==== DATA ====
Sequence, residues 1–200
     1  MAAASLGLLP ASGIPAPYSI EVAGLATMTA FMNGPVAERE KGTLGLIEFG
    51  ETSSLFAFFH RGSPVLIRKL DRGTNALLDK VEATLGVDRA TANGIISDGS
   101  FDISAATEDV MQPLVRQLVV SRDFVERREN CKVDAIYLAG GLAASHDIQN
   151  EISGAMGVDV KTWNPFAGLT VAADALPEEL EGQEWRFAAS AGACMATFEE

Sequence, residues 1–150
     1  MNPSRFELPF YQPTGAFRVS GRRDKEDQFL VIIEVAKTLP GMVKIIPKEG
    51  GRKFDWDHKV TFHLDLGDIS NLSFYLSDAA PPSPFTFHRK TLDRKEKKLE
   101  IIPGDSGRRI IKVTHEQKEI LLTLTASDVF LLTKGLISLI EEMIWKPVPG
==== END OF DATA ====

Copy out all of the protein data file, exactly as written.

Sequence, residues 1–200
     1  MAAASLGLLP ASGIPAPYSI EVAGLATMTA FMNGPVAERE KGTLGLIEFG
    51  ETSSLFAFFH RGSPVLIRKL DRGTNALLDK VEATLGVDRA TANGIISDGS
   101  FDISAATEDV MQPLVRQLVV SRDFVERREN CKVDAIYLAG GLAASHDIQN
   151  EISGAMGVDV KTWNPFAGLT VAADALPEEL EGQEWRFAAS AGACMATFEE

Sequence, residues 1–150
     1  MNPSRFELPF YQPTGAFRVS GRRDKEDQFL VIIEVAKTLP GMVKIIPKEG
    51  GRKFDWDHKV TFHLDLGDIS NLSFYLSDAA PPSPFTFHRK TLDRKEKKLE
   101  IIPGDSGRRI IKVTHEQKEI LLTLTASDVF LLTKGLISLI EEMIWKPVPG